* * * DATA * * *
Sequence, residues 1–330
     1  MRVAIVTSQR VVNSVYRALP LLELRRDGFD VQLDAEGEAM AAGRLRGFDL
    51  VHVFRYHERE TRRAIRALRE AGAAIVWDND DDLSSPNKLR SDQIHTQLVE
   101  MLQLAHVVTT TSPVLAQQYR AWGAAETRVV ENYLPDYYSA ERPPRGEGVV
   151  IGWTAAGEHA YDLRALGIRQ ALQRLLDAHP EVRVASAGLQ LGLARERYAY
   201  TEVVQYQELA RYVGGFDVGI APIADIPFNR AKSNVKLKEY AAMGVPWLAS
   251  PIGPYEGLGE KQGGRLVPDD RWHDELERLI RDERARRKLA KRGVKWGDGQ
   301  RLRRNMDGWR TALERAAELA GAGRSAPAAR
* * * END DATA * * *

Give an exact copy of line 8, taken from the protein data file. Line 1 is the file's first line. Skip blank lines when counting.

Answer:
   301  RLRRNMDGWR TALERAAELA GAGRSAPAAR